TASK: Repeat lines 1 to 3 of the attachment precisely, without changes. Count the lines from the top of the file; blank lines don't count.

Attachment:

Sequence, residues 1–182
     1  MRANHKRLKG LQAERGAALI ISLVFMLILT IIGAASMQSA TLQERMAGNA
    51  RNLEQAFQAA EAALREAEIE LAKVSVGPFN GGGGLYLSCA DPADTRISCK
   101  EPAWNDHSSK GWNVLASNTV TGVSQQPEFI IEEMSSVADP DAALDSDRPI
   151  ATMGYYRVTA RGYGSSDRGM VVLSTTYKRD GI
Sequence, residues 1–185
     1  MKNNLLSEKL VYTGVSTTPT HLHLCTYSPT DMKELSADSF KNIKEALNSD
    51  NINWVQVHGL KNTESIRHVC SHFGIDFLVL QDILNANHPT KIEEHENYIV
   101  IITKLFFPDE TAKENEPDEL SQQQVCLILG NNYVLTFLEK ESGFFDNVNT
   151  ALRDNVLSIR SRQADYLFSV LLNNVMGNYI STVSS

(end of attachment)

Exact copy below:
Sequence, residues 1–182
     1  MRANHKRLKG LQAERGAALI ISLVFMLILT IIGAASMQSA TLQERMAGNA
    51  RNLEQAFQAA EAALREAEIE LAKVSVGPFN GGGGLYLSCA DPADTRISCK